Combined IHCS and ISH were performed as described previously [7]. Briefly, tissue sections on slides were incubated at 98°C for 15 minutes in 10mM citrate buffer (pH 6.0) for antigen retrieval, hybridized, washed and digested with RNases, incubated with antibody against T cell marker (anti-CD3, SP7, 1:100 dilution, Lab Vision/NeoMarkers, CA) or macrophage marker (anti-CD163, NCI-Cd163, 1:100 dilution, Novocastra Reagents-Leica Biosystems, IL), and then stained with DAB with the Dako Envision and Peroxidase kit (Dako North America, Inc., Carpinteria, CA). After washing, the sections were coated with nuclear track emulsion, exposed, developed and counterstained with hematoxylin.

Quantitation of CD4+ T cells, Macrophages, and SIV RNA+ Cells in Lungs

Immunochemically stained or ISH tissue sections on slide were digitized using Scanscope (Aperio ePathology Solutions, CA) and the cells of CD4+, CD68+ or SIV RNA+ were quantified using Spectrum Plus analysis program (Version 9.1, Aperio ePathology Solutions, CA) as described [8]. Briefly, a scanned digital slide was opened in ImageScope and pulmonary areas were selected with ImageScope drawing tools for analysis. The lung parenchyma and alveolar space in the digitized slide were separated using a positive pixel count algorithm in the Spectrum Plus analysis program by setting a threshold to measure the parenchyma area only. The cells were quantified by using a positive pixel count algorithm in the Spectrum Plus analysis program. The parameters of the algorithm were manually and accurately tuned to match the positive markup image of DAB staining over background. Once the parameters were set, the algorithm was applied automatically to all digital slides to measure the number of CD4+ or CD68+ cells.

Statistics

Statistical analysis was conducted with a nonparametric Mann-Whitney U test using Graphpad Prism software (Graphpad software, San Diego, CA, USA). P value < 0.05 was considered significant.

Results

SIV infected cells in the lungs in early and later stages of infection

We examined the lungs of 6 SIV-uninfected control rhesus macaques and 38 SIV-infected rhesus macaques (Table 1) to characterize SIV productive infection in the lungs from early to later stages of infection. The infected animals were inoculated via vaginal or rectal mucosal routes with high-dose SIVmac251 and sacrificed in the acute (1–14 days PI) (29 animals) or later stages of infection (3–6 months PI) (9 animals). Plasma viral RNA (vRNA) in each animal was determined by real-time RT-PCR and vRNA+ cells in the lung tissues were detected by using in situ hybridization (ISH, Table 1). Plasma viral load in these infected monkeys showed similar kinetics as described previously [7], with the viral peak at 10–14 days PI. At 1–4 days PI, no SIV RNA+ cells were detected in the lungs (Table 1) and other distal lymphatic tissues (data not shown), but by 6 days PI, small numbers of vRNA+ cells were detected in lungs of all six macaques, and SIV vRNA+ cells were detected in the lungs of 17 macaques sacrificed at 6–12 days PI (Table 1, Fig 1A1–1A2). The frequencies of vRNA+ cells were much higher in the lungs of 5 out of 9 macaques at 3–6 months PI (Table 1, Fig 1B1–1D2) as compared with all the other macaques examined. Since mycobacterial co-infection can significantly increase HIV-1 and SIV replication [9, 10], we examined but found no evidence of co-infection in these cases using acid fast staining (data not shown). Rather, the SIV RNA+ cells were associated with lung interstitial inflammation, as has been previously reported [11, 12]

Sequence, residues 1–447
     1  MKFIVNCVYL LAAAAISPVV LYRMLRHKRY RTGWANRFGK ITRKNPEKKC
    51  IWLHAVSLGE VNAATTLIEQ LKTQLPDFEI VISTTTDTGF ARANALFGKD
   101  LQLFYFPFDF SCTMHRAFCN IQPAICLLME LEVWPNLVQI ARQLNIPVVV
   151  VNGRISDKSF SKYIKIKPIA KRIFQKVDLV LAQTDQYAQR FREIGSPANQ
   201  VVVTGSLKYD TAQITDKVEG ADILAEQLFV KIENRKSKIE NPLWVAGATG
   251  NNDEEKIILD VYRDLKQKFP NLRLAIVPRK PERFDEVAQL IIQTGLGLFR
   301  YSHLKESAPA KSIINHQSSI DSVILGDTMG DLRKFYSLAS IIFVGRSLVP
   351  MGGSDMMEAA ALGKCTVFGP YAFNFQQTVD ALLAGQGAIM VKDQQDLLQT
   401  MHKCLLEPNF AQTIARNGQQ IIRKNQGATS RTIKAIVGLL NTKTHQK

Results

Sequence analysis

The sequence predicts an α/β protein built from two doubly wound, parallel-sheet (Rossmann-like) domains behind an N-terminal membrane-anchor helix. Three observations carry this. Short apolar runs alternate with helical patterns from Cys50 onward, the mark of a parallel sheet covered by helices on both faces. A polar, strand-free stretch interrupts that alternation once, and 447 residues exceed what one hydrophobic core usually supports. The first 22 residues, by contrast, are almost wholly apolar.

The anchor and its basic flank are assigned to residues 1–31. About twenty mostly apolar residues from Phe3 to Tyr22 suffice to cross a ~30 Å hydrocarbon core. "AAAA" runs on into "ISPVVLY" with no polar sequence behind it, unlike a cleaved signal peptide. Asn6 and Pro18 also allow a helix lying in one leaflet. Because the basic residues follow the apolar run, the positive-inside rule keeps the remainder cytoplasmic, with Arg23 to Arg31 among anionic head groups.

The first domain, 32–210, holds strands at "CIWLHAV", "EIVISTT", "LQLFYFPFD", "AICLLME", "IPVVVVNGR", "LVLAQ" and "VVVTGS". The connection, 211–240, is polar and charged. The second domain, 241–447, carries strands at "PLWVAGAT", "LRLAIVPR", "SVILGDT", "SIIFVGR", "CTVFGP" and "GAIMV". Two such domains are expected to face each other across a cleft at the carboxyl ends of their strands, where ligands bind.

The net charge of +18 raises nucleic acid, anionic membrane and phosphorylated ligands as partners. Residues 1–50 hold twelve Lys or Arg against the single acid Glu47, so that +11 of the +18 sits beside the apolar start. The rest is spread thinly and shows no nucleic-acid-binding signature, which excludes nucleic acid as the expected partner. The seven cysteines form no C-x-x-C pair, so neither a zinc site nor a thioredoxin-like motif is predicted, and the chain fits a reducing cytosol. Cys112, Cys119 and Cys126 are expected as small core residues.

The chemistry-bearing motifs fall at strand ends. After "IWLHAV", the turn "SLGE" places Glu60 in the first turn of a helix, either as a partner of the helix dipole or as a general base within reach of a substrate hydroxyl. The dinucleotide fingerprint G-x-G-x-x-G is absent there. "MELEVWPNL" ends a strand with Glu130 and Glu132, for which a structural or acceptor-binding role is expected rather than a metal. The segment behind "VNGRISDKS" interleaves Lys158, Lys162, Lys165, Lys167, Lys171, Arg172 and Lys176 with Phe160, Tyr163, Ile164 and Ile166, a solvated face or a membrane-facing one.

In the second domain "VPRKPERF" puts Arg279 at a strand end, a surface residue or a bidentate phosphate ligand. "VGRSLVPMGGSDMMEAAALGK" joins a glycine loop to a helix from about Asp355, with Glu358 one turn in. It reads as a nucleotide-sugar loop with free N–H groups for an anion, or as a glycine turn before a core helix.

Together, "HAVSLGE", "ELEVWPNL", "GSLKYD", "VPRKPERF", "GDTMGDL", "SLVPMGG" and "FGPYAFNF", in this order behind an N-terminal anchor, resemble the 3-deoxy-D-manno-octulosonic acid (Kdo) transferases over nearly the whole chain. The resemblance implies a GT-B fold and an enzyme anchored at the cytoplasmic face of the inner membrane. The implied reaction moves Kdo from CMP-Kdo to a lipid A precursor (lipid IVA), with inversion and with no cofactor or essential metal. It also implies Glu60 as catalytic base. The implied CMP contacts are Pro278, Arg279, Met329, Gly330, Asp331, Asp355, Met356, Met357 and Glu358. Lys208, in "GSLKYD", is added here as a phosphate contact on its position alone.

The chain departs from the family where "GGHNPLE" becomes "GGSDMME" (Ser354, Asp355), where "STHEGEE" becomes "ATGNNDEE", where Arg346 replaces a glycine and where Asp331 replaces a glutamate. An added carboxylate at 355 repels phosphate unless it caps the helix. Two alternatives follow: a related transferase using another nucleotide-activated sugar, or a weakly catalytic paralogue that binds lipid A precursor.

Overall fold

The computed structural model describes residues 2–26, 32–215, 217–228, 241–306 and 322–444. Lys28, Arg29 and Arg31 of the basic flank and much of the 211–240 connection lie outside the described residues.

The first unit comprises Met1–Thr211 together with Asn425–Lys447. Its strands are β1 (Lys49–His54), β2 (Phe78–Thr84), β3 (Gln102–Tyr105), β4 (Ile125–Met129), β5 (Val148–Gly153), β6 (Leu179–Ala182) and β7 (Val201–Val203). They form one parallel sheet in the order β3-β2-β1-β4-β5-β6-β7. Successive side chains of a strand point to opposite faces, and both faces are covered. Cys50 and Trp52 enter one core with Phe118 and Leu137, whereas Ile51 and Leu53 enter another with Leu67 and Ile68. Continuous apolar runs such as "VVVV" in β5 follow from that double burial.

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Fig 1. SIV vRNA+ cells increase in the lungs of chronically infected macaques as compared with early infection.

SIV vRNA+ cells were detected using in situ hybridization, and appeared as black dots in transmitted light and green dots under epipolarized light. There were a few vRNA+ cells in the lung tissues during acute infection (A1, A2) and large numbers of vRNA+ cells in the lung during chronic infection (B1-D2).

https://doi.org/10.1371/journal.pone.0125500.g001

Lung macrophages are primary target cells for SIV